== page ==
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Proving even and odd functions

  1. Jan 15, 2009 #1
    Can someone prove even and odd fucntions for me not through examples but by actually proving them?

    Thanks
     
  2. jcsd
  3. Jan 15, 2009 #2
    Well how do you define even and how do you define odd functions?
     
  4. Jan 16, 2009 #3
    DEFINITION. A function f is even if the graph of f is symmetric with respect to the y-axis. Algebraically, f is even if and only if f(-x) = f(x) for all x in the domain of f.

    A function f is odd if the graph of f is symmetric with respect to the origin. Algebraically, f is odd if and only if f(-x) = -f(x) for all x in the domain of f

    I need an algebraic proof using angles and algebra... its for my trig class.
     
  5. Jan 16, 2009 #4
    Angles and algebra? Why don't you do it by plugging -x in? Like you said if f(-x) = f(x) then f is even if f(-x) = -f(x) then f is odd. Where are you getting lost?
     
  6. Jan 16, 2009 #5
    Is that a proof though?
     
  7. Jan 16, 2009 #6
    Yes... you are taking a definition and using it. What's a proof in your opinion?
     
  8. Jan 16, 2009 #7
    You are defining even and odd functions to have those properties. There is no need for a proof.
     
  9. Jan 16, 2009 #8
    IS there a way to prove an even and odd function?
     
  10. Jan 16, 2009 #9
    How can you prove in general what an even or odd function is? First you have to define what you mean by that, but once you do that, there is no need for a proof.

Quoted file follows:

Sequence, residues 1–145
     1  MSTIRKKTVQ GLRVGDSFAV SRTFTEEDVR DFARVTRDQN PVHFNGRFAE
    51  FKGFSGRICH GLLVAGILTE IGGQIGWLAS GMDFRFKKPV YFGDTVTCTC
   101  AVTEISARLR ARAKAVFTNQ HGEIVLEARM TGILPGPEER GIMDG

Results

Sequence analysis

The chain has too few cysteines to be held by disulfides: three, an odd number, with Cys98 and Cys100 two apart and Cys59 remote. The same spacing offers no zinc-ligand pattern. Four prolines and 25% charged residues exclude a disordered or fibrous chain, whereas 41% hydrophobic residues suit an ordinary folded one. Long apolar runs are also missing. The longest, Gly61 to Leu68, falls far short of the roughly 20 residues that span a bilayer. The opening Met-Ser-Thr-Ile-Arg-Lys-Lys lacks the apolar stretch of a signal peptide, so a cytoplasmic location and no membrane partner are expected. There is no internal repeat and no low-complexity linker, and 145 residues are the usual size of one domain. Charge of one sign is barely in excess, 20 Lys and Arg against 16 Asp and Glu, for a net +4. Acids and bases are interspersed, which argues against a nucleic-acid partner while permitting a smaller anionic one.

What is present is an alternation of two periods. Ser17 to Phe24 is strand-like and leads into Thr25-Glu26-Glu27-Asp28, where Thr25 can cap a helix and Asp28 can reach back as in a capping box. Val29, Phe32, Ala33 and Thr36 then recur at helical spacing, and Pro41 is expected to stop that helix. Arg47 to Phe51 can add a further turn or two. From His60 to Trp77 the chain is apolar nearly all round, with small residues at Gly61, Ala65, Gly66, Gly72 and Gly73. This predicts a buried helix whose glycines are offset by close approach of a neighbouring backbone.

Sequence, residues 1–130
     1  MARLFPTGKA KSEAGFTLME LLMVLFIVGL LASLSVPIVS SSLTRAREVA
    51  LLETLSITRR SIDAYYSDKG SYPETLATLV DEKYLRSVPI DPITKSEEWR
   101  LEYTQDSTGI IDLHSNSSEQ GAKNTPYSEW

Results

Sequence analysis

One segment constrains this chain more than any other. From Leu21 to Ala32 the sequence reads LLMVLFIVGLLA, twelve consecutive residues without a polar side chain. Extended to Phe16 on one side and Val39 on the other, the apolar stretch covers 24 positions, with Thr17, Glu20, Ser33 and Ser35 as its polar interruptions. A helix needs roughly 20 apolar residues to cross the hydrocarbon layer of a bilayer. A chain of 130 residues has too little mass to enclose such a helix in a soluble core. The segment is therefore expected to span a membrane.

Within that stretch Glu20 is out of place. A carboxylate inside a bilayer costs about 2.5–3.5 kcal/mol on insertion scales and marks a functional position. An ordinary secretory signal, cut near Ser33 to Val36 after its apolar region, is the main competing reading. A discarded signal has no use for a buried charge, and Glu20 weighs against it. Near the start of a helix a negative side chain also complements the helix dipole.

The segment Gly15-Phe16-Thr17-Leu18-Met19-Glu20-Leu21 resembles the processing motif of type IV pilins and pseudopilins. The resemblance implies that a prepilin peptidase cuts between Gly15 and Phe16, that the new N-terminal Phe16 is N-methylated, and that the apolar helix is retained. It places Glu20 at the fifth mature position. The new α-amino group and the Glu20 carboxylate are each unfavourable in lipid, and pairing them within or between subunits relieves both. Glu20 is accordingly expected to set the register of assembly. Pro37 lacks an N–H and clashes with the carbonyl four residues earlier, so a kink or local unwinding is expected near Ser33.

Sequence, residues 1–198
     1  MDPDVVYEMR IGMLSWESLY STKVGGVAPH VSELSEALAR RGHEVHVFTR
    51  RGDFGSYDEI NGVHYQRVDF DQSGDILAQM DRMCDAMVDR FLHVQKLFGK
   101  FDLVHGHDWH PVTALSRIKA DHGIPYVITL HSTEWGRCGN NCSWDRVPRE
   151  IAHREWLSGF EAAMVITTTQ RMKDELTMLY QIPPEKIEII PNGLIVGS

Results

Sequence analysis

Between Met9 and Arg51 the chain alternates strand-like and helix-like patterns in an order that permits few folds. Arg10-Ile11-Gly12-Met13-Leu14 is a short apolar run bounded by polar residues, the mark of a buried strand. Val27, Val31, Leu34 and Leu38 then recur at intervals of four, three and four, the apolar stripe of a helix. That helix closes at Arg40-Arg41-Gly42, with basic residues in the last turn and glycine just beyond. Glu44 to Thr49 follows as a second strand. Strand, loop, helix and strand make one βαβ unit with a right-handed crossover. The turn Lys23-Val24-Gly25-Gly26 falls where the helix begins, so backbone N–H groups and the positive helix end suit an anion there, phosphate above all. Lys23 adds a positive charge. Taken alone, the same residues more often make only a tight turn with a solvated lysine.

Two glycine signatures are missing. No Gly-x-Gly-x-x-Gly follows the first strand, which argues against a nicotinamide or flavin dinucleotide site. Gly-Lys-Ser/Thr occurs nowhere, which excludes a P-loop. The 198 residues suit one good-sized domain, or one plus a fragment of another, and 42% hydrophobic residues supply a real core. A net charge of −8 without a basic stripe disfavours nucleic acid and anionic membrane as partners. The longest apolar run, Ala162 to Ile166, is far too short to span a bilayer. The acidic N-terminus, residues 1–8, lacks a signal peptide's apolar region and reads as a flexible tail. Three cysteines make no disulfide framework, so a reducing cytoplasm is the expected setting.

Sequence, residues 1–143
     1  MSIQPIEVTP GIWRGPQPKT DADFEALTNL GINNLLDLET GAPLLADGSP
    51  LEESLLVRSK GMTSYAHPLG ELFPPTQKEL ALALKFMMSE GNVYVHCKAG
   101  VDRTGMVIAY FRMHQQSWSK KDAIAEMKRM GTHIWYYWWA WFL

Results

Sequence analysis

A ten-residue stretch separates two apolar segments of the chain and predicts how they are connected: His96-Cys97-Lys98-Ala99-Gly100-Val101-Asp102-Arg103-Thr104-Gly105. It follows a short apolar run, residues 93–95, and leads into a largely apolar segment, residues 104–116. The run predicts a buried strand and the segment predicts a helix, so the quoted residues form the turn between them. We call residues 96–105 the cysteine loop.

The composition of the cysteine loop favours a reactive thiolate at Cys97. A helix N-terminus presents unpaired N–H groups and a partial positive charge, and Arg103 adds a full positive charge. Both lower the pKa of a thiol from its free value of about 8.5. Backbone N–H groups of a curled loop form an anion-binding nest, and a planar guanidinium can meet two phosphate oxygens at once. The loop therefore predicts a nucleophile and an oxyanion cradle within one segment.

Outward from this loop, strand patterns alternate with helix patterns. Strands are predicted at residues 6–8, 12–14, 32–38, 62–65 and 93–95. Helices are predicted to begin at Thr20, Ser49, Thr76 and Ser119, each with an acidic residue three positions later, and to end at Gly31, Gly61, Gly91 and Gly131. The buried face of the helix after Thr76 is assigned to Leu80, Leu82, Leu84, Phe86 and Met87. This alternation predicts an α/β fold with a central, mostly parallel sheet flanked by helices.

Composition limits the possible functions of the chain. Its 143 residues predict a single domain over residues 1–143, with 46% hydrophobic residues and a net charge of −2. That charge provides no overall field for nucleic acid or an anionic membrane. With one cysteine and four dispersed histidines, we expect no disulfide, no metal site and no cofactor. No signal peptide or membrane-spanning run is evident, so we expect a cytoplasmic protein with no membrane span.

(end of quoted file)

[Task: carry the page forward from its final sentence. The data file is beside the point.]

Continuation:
11. Jan 16, 2009 #10

    symbolipoint

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    Start with a specific function and test it for identity of evenness and oddness according to the definition for even and odd functions.
     
  12. Jan 16, 2009 #11
    I'm not sure you understand what a proof is. You have a bunch of axioms, and you use those to arrive from part A to part B. Your axiom is what an even and what an odd function are. Using them, you show that some functions are even, some are odd, some are neither.
     
  13. Jan 16, 2009 #12
    so could an axiom be f(x)=|x|?
     
  14. Jan 16, 2009 #13
    What axiom would that be? If you are trying to DEFINE an absolute value function then you can say, f(x) = |x| means f(x) = x for x >= 0 and -x for x <= 0
     
  15. Jan 16, 2009 #14

    symbolipoint

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    USE the Definitions of EVEN functions and ODD functions. Does one statement or the other become an identity?

    Check:
    |-x|=|x|

    Check:
    |-x|=-|x|

    It one of those or both of those or neither of those true? What is the meaning?
     
  16. Jan 16, 2009 #15

    Mentallic

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    What about proving that if an even function by definition being [tex]f(x)=f(-x)[/tex] is a reflection in the y-axis and an odd function defined as [tex]f(-x)=-f(x)[/tex] has symmetry about the origin?
     
  17. Jan 16, 2009 #16

    HallsofIvy

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    Then you have to start with definitions of "reflection in the y-axis" and "symmetry about the origin"! It should be obvious that you can't prove anything about "X" if you don't know what "X" means and, further, math definitions are "working definitions"- you use the precise words of the definitions themselves in working with the concepts.

    The reflection of (x,y) in the y-axis is the point (-x, y). If f is an even function and y= f(x), what are (x, y) and (-x, y) in terms of the graph of f? Are they both on the graph?

    The point "symmetric" to (x, y) in the origin is (-x, -y). If f is an odd function and y= f(x), what are (x, y) and (-x, -y) in terms of the graph of f? Are they both on the graph?
     
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